How to Negotiate Your Salary on a New Job Offer: 7 Questions to Ask


How to Negotiate Your Salary on a New Job Offer: 7 Questions to Ask

Negotiating salary new job offer

Do you wonder how to negotiate a salary for a new job offer? Salary negotiations  are  often such an interesting exercise, whether you’re in it personally or watching from the sidelines. 

Negotiating salaries and benefits can be tricky. But asking and getting answers to these questions will help.

Questions to Ask Yourself When Negotiating Salary for a New Job

1. Should you negotiate the offer at all?

Some people preach that all offers must be negotiated. But that’s not always the case. Although there are  cases where some supposedly fixed salaries for a certain category of people have been adjusted for one person, it’s not common.

So, you need to ask yourself if you should be negotiating the salary at all. Is it commensurate or even more than what you expected, or hoped to earn? If it is, then that’s fine. One question to ask in determining if you should negotiate at all is “am I willing to walk away from this role if the salary or benefits are not adjusted in any way?”

2. Are you in a strong enough position to negotiate?

Some people say that as a new employee being offered a job, you should always negotiate because the company wants you at that time. But while that’s often true, you have to be convinced that you’re in a strong position. This could  be because you’re an uber prime candidate, you also have several offers or are not exactly in dire need of a new job. 

But if none of the above are your current situation, think again. Remember that your negotiations could put the recruiters off and they could very easily decide to extend their recruitment process or call on some other candidates they might have been considering. So, if you’re unemployed or seriously job hunting, negotiating strongly might not be advisable.

There are times when it is not necessary to negotiate an offer at all as a new entrant.   In such cases, you can  decide to have the conversation six months down the line.

3. What is the market rate for this role and your expertise?

If you haven’t done any research, you’re unlikely to be in a great position to negotiate. You need receipts. You need to know, for instance, what are other companies paying for the role and your expertise?

Even better if you’ve recently been contacted by recruiters or headhunters and been offered a package better than what the company is offering. You can compare your present benefits with the new offer.

Questions to Ask the Organisation/Recruiter

4. Can I negotiate this offer?

This might seem like a rhetorical question and you may expect most organisations to say no. However, this isn’t always the case and decent firms are often straightforward.

They might say they don’t have the power to negotiate it (in which case jump to the next question on this list), or they might say they have a little bit of bandwidth based on other factors. Others might say it’s negotiable based on the market rate (in which case it would be helpful if you’ve done some research).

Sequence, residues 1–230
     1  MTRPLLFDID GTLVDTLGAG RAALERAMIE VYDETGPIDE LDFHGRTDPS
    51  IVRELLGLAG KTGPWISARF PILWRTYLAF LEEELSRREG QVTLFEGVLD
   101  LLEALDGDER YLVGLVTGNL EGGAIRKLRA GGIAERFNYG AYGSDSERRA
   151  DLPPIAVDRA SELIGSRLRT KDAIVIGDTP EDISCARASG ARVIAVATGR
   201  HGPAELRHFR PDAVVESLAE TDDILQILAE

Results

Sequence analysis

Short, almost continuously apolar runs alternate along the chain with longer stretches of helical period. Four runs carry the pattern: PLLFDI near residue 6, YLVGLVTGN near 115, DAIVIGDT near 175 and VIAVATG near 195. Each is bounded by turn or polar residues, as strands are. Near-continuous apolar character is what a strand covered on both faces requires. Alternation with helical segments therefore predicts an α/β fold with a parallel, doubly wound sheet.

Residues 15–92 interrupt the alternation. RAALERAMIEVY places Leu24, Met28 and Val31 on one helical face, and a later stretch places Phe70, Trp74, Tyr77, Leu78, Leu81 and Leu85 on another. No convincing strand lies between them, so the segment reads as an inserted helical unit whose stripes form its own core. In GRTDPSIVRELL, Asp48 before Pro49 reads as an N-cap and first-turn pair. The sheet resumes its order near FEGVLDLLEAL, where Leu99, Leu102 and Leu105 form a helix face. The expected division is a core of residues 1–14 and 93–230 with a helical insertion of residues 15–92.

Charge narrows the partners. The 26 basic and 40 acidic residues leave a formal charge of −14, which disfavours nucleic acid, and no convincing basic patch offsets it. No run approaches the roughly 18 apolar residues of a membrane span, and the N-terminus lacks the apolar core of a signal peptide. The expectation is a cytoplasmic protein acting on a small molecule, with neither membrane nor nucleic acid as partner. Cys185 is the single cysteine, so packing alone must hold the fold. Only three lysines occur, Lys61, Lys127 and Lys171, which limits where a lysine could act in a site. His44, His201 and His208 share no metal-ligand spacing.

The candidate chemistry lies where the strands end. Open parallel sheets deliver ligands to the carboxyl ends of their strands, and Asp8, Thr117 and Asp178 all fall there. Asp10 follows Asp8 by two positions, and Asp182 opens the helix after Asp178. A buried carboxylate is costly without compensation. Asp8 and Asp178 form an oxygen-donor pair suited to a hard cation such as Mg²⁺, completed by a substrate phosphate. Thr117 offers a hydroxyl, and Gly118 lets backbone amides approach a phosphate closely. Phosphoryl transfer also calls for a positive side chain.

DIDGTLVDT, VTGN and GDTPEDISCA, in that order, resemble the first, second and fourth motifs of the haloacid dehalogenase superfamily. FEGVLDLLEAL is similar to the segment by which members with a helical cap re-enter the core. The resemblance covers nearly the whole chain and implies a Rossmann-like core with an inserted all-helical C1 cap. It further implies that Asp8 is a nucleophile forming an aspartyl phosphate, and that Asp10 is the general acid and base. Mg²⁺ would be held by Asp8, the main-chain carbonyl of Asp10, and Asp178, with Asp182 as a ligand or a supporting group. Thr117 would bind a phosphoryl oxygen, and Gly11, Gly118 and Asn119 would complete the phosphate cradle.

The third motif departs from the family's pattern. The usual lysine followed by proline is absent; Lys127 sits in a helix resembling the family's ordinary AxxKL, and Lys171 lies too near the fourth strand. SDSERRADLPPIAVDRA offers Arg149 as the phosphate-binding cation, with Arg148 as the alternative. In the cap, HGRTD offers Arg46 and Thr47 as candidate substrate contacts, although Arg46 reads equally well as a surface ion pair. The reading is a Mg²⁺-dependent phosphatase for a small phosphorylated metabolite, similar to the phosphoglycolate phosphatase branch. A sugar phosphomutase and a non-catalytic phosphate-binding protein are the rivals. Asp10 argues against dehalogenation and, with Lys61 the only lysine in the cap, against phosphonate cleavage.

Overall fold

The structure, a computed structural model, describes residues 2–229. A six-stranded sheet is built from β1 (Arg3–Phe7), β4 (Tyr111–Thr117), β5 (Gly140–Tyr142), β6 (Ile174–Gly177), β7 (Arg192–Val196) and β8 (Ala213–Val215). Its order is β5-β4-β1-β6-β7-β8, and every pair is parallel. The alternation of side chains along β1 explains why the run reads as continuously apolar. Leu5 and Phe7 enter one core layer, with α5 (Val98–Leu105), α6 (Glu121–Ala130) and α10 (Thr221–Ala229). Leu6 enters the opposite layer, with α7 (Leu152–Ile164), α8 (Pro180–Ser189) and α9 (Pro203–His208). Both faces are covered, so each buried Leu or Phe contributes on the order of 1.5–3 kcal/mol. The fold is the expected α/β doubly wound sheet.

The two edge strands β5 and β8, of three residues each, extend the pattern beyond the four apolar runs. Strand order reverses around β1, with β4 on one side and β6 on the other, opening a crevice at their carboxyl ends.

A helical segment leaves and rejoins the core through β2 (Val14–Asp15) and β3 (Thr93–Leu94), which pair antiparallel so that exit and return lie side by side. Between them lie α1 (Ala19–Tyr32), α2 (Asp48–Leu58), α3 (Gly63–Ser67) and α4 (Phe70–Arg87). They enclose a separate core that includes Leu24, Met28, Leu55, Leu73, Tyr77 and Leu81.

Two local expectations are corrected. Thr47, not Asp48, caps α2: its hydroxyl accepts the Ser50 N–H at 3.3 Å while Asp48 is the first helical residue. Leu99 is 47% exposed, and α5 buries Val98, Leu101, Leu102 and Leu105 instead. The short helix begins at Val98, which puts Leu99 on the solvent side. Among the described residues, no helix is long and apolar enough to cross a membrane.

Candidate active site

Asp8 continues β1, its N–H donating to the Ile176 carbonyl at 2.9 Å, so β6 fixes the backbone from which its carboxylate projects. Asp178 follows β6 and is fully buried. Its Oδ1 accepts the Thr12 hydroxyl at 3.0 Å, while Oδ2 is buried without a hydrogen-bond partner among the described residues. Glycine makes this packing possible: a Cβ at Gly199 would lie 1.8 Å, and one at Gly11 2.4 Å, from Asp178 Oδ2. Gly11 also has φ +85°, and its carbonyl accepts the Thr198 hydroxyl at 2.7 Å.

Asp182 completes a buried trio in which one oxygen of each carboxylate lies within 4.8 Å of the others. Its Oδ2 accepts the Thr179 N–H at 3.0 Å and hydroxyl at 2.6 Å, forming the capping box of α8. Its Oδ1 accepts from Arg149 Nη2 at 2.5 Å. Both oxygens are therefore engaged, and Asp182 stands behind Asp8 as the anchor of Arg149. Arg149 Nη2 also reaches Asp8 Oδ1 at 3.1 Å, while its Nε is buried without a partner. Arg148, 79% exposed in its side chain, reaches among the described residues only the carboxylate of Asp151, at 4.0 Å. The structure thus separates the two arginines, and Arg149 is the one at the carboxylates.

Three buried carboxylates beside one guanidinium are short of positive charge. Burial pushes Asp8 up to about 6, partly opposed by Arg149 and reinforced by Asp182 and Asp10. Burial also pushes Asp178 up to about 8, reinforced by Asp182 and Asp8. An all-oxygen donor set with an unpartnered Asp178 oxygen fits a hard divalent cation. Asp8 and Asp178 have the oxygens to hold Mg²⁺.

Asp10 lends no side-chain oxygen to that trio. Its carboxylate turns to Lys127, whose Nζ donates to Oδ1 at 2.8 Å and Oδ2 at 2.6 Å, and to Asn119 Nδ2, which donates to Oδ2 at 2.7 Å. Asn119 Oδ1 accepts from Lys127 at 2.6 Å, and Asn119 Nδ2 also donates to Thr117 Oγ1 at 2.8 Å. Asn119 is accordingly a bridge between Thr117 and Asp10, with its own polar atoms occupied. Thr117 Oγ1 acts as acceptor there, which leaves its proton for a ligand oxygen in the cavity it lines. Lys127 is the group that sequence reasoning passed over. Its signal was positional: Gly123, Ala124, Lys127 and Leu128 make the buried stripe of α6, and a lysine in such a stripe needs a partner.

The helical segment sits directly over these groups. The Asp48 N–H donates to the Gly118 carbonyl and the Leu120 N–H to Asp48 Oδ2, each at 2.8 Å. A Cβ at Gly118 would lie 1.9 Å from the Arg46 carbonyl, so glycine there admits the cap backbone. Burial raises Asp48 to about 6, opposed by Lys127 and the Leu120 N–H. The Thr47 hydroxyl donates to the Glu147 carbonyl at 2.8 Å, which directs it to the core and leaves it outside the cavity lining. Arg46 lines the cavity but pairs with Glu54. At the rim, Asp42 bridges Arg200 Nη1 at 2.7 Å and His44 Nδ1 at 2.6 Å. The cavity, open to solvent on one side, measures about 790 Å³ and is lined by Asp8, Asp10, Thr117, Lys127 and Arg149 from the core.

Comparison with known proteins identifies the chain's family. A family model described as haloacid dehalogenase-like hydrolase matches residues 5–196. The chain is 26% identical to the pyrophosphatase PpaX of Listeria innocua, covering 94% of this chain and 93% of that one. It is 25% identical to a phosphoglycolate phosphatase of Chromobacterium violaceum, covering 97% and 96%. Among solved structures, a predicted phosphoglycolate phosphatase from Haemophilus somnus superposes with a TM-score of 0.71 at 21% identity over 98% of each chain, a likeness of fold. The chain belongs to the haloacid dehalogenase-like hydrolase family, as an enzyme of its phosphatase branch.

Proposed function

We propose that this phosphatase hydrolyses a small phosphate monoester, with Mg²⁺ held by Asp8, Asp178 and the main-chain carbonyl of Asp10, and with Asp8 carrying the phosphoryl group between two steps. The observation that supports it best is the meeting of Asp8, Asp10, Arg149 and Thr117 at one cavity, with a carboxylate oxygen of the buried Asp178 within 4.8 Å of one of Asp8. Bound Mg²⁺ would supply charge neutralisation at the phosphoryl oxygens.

5. Is there someone else you can speak to up the ladder?

Sometimes first stage negotiations start with the HR or the more junior members of the recruiting team. And if they refuse to budge on negotiations, it may simply be because their hands are tied — and as people say colloquially, such decisions are above their pay grade.

A valid question to ask and consider, then, would be if there is anyone else higher up who could make that decision. If this applies you could write an email or request a brief meeting with such a person explaining your reasons for stalling on the job offer, and requesting a conversation on the pay and benefits. 

6. What other perks come with the role?

Yes, I agree, cash is king. But too many people are often focused on the amount that hits their account at the end of the month. The right approach, however, is to think of your benefits as an entire package — the salary is just one part. For so many reasons the base pay might be fixed. However, companies might be flexible on other elements and perks, and there is so much you can request. So consider what other perks come with the role, and are a good fit for you: from flexible working, refundable commute costs, payment for courses or certifications, extra vacation days – there’s a lot you could and should consider.

7. What’s the salary band/future expectations for this role?

What’s the next band for growth and how soon am I likely to get there? Many organisations operate a band system. So when you negotiate salary it’s helpful to ask what this is and how it operates.

For example, an Analyst role might have a salary band of £30-40k. This would mean that based on experience and other factors, a new hire could be placed anywhere on that band. So, for one who is placed on 30, when can you expect to go up the band or to the next band? What are the indicators for progress? How often are salaries renewed?

Essentially, make sure you have a clear idea of what the possibilities are. 

It’s important that you feel somewhat satisfied with your salary/compensation package.  Treat your salary negotiations seriously. When you negotiate salary, be firm in your expectations, but not pompous.

Have you ever had to negotiate your salary for a new job? How did that go?

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